Many other areas of design, like fashion, often force people to choose style over comfort, or vice versa. The beauty of mid-century modern design is that you don't have to choose. You can have a visually engaging chair that is still comfortable. There's no need to pick having a functional home over a stylish one - mid-century modern allows you to have both.

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5 Characteristics of mid-century modern design

There are a few critical characteristics of mid-century modern design that make it an identifiable style. "Mid-Century Modern is marked by clean, simple and sleek lines, functionality, and a minimalist aesthetic," says Blazona.

Moiseoff adds, "Its enduring popularity has a lot to do with its simplicity. It's clean and simple without being boring. It's eye-catching without being frenetic or fussy."

Here's what you should be looking for when searching for mid-century modern pieces.

1. Minimalist design

At its core, mid-century modern design isn't complicated. That means you won't find many intricate wood carvings in your armrests or royal-looking claw feet supporting your desks. In some ways, mid-century modern furniture looks like the bare minimum, but that's a massive part of its appeal.

"Mid-century modern furniture is often straightforward. Chairs and tables will often consist of simple pieces held up by wooden pin-style legs," says Franklin.

2. Neutral with pops of color

"Mid-century modern decor uses bright accent colors against primary neutral tones of white, black, and wood tones," Franklin also notes. Think of mid-century modern furniture like pairing an all-black outfit with a neon yellow bag. The outfit's foundation is super basic, but the pop of color still makes it effortlessly eye-catching.

Mid-century modern color
Mid-century modern design uses pops of color.

The same goes for mid-century modern furniture. A simple wooden dining chair doesn't sound too exciting but add yellow uphostery, and suddenly it can look like a work of art.

3. Mixing materials and textures

Wood, like teak, is a typical feature of mid-century modern furniture. But you won't always find all-wooden mid-century modern design. "Manmade materials and natural materials like wood are often paired together," says Franklin.

4. Geometric and organic shapes

A staple of mid-century modern furniture is clean and simple lines. Those lines are often curated from geometric shapes, which tend to be rectangular and boxy. Overall symmetry is also a key feature, making this style look effortless.

This is why you'll see a lot of tapered legs and smooth surfaces on mid-century modern pieces. Less is certainly more when it comes to this style.

5. Function over form

At the end of the day, if the furniture isn't functional, it's not mid-century modern. Every piece of furniture and decor has a purpose in this style, if not multiple purposes.

Mid-century modern functional
Mid-century modern spaces are always functional.

Think back to the origin of mid-century furniture: furniture was a luxury at that time. The more functional those pieces of furniture could be, the better (no one wanted to buy more than they needed). The essence of this is still captured in mid-century modern design, and that means that if the furniture looks good but is terrible to sit in or use, it's not true mid-century modern.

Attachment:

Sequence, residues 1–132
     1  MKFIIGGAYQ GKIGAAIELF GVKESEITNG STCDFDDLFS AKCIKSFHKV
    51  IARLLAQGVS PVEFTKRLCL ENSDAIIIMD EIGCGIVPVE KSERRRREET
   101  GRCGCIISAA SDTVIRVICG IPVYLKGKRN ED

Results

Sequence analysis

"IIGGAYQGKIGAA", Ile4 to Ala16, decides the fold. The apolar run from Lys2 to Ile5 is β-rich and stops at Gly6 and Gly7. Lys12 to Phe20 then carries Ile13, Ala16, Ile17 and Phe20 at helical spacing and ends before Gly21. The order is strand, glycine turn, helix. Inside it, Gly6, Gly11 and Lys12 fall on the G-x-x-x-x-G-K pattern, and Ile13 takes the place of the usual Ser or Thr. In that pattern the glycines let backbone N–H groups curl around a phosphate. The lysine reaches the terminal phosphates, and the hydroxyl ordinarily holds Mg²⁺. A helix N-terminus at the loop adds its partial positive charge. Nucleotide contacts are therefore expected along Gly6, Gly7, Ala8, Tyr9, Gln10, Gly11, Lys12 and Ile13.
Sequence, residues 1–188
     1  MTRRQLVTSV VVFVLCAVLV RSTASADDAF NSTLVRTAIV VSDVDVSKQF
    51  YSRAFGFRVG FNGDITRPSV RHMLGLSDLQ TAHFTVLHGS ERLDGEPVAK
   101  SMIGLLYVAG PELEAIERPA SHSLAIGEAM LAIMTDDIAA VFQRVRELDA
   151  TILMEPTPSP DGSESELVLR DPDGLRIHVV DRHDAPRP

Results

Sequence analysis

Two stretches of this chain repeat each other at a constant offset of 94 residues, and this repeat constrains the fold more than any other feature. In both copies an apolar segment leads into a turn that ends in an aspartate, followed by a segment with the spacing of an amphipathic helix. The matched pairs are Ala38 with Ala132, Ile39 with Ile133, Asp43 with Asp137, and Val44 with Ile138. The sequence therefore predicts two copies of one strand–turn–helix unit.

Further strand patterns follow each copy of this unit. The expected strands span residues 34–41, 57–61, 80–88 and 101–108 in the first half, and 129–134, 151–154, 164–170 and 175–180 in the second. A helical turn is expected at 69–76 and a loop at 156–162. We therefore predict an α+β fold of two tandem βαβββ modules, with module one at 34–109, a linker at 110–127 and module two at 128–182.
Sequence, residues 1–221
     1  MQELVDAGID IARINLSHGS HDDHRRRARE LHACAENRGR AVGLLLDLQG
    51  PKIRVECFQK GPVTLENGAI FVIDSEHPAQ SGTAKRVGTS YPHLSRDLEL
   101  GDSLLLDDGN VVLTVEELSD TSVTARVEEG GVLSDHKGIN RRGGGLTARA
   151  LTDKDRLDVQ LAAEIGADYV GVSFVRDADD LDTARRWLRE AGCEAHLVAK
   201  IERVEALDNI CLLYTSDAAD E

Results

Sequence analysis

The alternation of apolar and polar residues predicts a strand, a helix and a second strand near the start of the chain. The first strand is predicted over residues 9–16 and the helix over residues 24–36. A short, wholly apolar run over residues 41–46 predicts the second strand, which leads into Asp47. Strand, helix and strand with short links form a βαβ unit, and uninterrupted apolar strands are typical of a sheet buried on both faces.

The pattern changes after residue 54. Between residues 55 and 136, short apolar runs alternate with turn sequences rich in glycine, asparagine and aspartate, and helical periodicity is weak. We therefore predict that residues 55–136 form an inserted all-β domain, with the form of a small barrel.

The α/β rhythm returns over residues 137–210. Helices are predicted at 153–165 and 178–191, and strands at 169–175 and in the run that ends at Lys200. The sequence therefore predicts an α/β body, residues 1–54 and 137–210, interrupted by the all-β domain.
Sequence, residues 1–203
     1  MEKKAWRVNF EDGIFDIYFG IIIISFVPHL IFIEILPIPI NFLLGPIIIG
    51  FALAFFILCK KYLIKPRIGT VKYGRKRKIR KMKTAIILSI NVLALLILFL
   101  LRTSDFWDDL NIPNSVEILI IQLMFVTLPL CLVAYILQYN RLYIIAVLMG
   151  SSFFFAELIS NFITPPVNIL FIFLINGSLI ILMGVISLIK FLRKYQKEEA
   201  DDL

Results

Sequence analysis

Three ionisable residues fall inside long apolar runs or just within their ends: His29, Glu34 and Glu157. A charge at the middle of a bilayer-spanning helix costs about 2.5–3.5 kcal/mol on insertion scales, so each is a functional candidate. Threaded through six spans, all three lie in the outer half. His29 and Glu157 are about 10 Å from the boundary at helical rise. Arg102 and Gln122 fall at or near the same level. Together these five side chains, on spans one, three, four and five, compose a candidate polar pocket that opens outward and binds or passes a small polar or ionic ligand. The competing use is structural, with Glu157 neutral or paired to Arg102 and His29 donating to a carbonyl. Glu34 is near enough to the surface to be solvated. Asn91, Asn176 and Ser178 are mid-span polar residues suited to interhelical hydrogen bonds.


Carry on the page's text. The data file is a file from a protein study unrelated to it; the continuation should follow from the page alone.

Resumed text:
How can you tell if a piece of furniture is mid-century modern?

We'll be the first to admit this part can get tricky. Given how long mid-century modern design has had a place in culture, it's easy to see how slight differences and interpretations have made their way into the genre. But there are ultimately straightforward ways to identify which pieces are genuinely mid-century modern.

"You will also see a lot of organic curves mixed with clean lines and a minimalist style that harks back to a 1950s style."

Franklin suggests looking for a few main elements: wood, storage, and those classic clean lines. "Look for rich and dark woods for tables, desks, and storage, often with pin-style legs. You will also see a lot of organic curves mixed with clean lines and a minimalist style that harks back to a 1950s style."

Franklin also suggests taking colors into account, specifically on accent pieces. "You will typically see bold colors, for example, on accent chairs or rugs."

Mid-century modern furniture can feel very similar to Scandinavian pieces, rooted in simplicity and practicality. And it's no coincidence as both Scandinavian and mid-century modern design styles first rose to prominence in the 1950s.

How to create a mid-century modern home

Now that you can (hopefully) identify mid-century modern pieces, here are a few ways you can curate the overall look in your home.

Jennifer Guerin, the owner of JG Color Studios, suggests that your very first step shouldn't be about the pieces at all: "A great place to start is to paint your walls white," she says. "This will act as a fresh canvas for and allow your furniture and pops of color to stand out."

A considerable part of incorporating mid-century modern design into your home is starting slow and starting small - one piece at a time.

"You can't necessarily go and throw a bunch of Mid-Century Modern pieces into any space and call it a success," says Blazona. "Instead, make sure you're starting with an updated, modern space and begin layering in a few Mid-Century Modern pieces."

"Create a balance by choosing a mix of modern and traditional pieces for your room."